The Rewind

Charlie Speaking Irish To Colm Meaney On 'It's Always Sunny' Was Pretty Great

Charlie Speaking Irish To Colm Meaney On 'It's Always Sunny' Was Pretty Great

WARNING: THIS POST CONTAINS SPOILERS

It's Always Sunny In Philadelphia joined exclusive company of hit sitcoms that have filmed an episode in Ireland this week

Episodes five and six of Season 15 aired on Thursday in the US ('The Gang Goes To Ireland' and 'The Gang Is Still In Ireland'), and as the episode titles suggest, the gang is navigating the joys and dangers of Ireland.

The trip begins with Mac and Charlie competing to see which of the Irish-Americans is 'most Irish'. One thing that Charlie feels guarantees his Irishness is his bond with his penpal Shelly, his possible brother who he hopes to meet on this holiday.

By the end of these episodes, it's patently obvious that Charlie wins the 'most Irish' award. During his journey to the Emerald Isle, Charlie discovers that the language he has been using to write to Shelly is not an imaginary language, as his dear friends told. No, it turns out Charlie can read Irish.

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And not only that, it turns out Charlie's pen pal Shelly Kelly is not actually his brother but his father, a cheesemonger played by Colm Meaney. When he encounters his father at his cheesemongers, Charlie learns that he actually possesses the power to speak the cupla focal.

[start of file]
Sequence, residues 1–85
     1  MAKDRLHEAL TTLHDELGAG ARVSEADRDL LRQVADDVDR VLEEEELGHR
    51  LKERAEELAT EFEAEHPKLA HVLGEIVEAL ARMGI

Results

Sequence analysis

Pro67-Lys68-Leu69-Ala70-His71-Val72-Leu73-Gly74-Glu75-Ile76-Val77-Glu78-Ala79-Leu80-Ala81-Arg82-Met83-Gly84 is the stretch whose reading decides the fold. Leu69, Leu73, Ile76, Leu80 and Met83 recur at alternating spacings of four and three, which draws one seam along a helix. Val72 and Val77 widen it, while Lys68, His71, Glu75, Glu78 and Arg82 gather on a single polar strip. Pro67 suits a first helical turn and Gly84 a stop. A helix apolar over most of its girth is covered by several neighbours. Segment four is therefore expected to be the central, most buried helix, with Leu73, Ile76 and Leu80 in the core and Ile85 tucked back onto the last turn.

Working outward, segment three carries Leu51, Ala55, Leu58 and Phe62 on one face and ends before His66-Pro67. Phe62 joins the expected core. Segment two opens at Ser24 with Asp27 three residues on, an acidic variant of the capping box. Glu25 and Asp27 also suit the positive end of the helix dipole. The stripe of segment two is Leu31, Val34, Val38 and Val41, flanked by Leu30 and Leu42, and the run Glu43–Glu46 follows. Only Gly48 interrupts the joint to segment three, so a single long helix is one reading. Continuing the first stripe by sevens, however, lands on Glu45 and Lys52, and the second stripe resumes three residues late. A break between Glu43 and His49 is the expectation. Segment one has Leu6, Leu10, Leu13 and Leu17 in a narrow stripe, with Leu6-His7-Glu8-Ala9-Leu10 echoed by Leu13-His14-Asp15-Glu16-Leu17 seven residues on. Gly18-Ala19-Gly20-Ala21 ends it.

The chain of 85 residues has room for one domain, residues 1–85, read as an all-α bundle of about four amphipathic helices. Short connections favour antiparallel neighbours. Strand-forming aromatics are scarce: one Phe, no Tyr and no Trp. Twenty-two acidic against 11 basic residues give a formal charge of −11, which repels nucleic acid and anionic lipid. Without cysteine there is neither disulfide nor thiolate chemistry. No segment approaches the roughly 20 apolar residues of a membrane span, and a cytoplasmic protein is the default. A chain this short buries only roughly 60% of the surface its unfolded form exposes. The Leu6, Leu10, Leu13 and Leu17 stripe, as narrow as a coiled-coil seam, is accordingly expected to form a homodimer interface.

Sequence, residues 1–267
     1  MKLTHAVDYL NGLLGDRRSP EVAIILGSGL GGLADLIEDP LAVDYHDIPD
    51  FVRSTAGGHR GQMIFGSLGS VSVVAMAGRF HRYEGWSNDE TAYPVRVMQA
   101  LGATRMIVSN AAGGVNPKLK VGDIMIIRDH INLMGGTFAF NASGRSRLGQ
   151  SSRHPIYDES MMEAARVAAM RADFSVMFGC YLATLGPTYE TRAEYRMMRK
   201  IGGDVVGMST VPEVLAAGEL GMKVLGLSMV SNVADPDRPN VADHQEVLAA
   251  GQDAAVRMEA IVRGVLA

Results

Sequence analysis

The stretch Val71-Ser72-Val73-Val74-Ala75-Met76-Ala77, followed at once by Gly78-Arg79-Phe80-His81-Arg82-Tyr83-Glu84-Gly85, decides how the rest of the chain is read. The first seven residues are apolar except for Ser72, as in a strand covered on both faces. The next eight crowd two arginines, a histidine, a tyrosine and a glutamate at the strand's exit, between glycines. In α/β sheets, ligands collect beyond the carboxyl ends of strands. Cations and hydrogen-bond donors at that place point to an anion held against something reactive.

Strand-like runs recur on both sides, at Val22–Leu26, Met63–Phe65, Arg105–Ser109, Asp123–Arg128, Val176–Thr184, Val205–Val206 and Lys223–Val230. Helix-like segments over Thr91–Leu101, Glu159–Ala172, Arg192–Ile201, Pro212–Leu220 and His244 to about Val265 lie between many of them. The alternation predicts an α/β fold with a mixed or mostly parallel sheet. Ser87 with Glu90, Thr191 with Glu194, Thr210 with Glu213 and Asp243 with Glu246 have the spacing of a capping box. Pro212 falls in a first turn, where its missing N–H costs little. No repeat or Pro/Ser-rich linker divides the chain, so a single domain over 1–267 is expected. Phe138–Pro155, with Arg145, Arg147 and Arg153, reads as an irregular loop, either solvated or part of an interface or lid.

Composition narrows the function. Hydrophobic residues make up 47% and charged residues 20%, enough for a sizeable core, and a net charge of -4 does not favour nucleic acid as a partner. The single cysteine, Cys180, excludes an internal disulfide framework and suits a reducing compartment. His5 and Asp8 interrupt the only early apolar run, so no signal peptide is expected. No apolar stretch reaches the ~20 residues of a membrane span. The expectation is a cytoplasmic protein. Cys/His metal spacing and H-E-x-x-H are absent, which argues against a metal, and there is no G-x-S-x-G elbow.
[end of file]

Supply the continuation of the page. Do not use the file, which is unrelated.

It made for the best example of an American speaking Irish since Obama uttered 'Is feidir linn' on Dame Street.

This does not seem like the end of the gang's sojourn through Ireland. The next two episodes of the programme air next week and are entitled 'Dee Gets Stuck in a Bog' and 'The Gang Carries a Corpse Up a Mountain' so get for more Irish vibes.

The reviews of the Irish episodes of 'It's Always Sunny' are generally positive. According to the AV Club's recapper:

But while an eventful overseas jaunt might smack of the late-run desperation of 80s sitcoms like The Facts Of Life or Family Ties, where creators try to brush off the gathering moss by plunging their aging characters into some disposable, colorful comic intrigue, this two-parter (written by Rob McElhenney, Charlie Day, and Glenn Howerton and directed by Megan Ganz) hits the ground in deliriously confident stride.

SEE ALSO: Here's Our First Look At The 'It's Always Sunny' Gang's Trip To Ireland

 

Donny Mahoney
Article written by
Donny Mahoney is Chief Sportswriter and one of the founders of Balls.ie

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